Whistling shares a common tongue with speech: bioacoustics from real-time MRI of the human vocal tract

Michel Belyk, Benjamin G. Schultz, Joao Correia, Deryk S. Beal, Sonja A. Kotz

Research output: Contribution to journalArticle (journal)peer-review

8 Citations (Scopus)
53 Downloads (Pure)


Most human communication is carried by modulations of the voice. However,
a wide range of cultures has developed alternative forms of communication
that make use of a whistled sound source. For example, whistling is used as
a highly salient signal for capturing attention, and can have iconic cultural
meanings such as the catcall, enact a formal code as in boatswain’s calls or
stand as a proxy for speech in whistled languages. We used real-time magnetic
resonance imaging to examine the muscular control of whistling to describe a
strong association between the shape of the tongue and the whistled frequency. This bioacoustic profile parallels the use of the tongue in vowel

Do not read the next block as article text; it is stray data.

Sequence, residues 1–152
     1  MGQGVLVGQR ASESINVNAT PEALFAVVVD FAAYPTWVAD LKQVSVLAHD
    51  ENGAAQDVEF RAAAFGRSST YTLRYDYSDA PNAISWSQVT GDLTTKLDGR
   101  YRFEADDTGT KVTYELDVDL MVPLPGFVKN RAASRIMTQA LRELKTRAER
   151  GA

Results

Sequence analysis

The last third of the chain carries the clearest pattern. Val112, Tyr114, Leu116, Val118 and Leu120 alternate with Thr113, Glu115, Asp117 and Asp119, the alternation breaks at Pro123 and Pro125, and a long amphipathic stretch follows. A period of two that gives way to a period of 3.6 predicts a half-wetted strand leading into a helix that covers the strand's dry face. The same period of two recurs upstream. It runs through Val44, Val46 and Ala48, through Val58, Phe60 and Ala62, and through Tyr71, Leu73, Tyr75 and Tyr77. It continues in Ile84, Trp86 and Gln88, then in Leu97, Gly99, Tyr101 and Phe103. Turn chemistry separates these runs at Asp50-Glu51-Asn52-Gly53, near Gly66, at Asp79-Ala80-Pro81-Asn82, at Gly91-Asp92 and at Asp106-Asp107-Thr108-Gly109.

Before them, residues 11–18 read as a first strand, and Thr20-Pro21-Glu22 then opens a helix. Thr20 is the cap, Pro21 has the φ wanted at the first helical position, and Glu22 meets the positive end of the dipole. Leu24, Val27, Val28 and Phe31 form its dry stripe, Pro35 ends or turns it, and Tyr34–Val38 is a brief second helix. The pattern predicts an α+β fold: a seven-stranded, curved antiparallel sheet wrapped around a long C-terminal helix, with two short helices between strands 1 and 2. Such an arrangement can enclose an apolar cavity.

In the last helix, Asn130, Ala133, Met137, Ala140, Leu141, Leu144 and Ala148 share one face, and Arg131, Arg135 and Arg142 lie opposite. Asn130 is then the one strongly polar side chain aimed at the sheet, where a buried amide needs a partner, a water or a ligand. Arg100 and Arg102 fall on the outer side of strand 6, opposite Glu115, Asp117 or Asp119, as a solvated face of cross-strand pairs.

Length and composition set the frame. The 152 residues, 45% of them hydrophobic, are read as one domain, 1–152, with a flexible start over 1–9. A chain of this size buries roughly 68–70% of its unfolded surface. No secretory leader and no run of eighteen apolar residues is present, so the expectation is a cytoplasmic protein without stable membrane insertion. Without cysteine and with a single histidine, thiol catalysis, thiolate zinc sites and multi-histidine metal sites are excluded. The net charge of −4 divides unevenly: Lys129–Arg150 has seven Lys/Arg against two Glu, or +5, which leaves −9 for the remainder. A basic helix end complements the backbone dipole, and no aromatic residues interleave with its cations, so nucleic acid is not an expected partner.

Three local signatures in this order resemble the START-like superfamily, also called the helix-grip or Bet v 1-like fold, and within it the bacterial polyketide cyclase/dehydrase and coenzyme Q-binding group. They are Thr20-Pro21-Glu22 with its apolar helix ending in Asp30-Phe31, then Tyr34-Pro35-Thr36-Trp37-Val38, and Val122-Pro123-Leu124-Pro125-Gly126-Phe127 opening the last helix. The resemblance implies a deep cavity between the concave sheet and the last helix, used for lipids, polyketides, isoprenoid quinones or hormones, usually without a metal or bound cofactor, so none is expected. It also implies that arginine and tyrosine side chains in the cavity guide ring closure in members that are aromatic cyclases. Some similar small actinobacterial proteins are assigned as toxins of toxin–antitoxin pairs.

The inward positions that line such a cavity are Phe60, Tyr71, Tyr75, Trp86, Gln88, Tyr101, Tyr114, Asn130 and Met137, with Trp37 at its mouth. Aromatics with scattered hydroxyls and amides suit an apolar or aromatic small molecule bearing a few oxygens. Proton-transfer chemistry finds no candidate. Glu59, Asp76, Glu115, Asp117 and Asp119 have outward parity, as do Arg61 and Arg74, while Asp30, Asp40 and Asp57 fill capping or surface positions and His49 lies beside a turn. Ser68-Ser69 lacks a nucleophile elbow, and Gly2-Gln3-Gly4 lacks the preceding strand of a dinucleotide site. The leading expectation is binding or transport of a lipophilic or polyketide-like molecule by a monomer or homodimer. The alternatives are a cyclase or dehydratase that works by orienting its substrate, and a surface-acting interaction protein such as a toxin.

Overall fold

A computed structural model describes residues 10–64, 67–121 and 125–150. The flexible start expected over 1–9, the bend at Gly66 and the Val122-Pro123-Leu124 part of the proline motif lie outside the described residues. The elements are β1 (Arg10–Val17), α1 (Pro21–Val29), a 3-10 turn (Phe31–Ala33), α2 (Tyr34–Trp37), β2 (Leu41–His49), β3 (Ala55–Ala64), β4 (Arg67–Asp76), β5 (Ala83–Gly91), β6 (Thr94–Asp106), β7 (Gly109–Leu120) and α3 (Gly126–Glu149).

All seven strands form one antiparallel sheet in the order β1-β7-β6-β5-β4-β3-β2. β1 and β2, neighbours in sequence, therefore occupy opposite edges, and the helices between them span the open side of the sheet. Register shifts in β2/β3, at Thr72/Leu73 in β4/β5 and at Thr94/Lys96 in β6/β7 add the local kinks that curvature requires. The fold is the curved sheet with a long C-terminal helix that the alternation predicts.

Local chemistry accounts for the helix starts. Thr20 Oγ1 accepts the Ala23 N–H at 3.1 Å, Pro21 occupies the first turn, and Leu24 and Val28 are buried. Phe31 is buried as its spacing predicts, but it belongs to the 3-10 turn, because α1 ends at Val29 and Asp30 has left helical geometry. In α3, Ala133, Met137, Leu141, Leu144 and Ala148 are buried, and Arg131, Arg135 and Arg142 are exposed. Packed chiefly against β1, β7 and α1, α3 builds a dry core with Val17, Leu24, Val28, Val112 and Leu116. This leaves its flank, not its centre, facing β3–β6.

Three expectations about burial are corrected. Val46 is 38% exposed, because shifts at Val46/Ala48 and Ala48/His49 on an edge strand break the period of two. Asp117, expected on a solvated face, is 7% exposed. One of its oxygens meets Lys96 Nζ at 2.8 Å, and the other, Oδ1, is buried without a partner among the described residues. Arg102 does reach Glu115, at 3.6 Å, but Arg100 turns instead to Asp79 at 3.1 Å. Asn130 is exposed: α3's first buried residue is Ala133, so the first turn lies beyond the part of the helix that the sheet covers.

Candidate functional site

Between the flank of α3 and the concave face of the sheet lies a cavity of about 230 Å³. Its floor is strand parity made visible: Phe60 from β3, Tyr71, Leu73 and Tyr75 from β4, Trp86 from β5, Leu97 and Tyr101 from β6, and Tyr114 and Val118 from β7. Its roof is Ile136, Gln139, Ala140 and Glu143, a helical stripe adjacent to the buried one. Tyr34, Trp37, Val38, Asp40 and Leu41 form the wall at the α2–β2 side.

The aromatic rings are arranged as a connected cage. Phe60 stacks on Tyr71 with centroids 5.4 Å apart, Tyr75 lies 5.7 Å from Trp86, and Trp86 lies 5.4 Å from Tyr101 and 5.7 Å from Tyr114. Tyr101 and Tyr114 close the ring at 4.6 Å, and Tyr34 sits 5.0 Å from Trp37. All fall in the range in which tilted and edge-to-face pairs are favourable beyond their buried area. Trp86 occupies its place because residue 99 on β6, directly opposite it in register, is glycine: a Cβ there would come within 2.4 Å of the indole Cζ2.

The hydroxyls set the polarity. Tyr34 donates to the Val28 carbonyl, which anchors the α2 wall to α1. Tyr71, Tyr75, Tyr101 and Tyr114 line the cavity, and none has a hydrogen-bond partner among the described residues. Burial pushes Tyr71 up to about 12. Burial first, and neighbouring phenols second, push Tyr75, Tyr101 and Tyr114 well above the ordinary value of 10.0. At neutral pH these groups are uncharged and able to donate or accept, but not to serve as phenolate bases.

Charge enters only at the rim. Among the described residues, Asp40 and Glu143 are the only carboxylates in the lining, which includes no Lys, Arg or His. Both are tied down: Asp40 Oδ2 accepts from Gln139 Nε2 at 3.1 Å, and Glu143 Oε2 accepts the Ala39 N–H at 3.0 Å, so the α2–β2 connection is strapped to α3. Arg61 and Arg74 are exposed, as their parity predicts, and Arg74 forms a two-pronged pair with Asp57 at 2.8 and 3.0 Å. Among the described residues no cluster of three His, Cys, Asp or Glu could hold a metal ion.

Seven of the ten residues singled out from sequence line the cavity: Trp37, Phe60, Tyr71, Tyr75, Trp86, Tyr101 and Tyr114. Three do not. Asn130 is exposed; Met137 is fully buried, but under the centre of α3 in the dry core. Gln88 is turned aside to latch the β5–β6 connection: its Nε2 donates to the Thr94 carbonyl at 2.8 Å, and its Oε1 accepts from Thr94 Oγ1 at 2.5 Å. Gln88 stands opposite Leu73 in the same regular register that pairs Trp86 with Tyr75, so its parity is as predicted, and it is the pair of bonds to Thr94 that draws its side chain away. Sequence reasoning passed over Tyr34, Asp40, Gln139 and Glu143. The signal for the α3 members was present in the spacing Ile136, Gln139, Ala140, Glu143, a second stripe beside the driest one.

production. This is consistent with the role of whistled languages as proxies
for spoken languages, in which one of the acoustical features of speech
sounds is substituted with a frequency-modulated whistle. Furthermore, previous evidence that non-human apes may be capable of learning to whistle
from humans suggests that these animals may have similar sensorimotor
abilities to those that are used to support speech in humans.
Original languageEnglish
Article number20191116
Pages (from-to)1-6
JournalProceedings of the Royal Society B: Biological Sciences
Issue number1911
Early online date25 Sept 2019
Publication statusPublished - 25 Sept 2019


  • magnetic resonance imaging
  • tongue
  • speech
  • evolution
  • whistle
  • communication


Dive into the research topics of 'Whistling shares a common tongue with speech: bioacoustics from real-time MRI of the human vocal tract'. Together they form a unique fingerprint.

Cite this